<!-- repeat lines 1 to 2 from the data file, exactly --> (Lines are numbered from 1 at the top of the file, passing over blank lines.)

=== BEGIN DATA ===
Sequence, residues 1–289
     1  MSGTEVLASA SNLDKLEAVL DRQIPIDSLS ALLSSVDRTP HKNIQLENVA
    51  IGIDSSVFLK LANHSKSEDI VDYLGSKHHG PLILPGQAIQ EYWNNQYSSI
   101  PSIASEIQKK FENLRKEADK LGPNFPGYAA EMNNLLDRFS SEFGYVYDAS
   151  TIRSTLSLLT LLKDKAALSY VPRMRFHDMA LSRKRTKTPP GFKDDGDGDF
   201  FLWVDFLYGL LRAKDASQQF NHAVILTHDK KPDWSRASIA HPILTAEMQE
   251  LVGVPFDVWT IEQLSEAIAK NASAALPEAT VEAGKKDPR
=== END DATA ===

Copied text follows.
Sequence, residues 1–289
     1  MSGTEVLASA SNLDKLEAVL DRQIPIDSLS ALLSSVDRTP HKNIQLENVA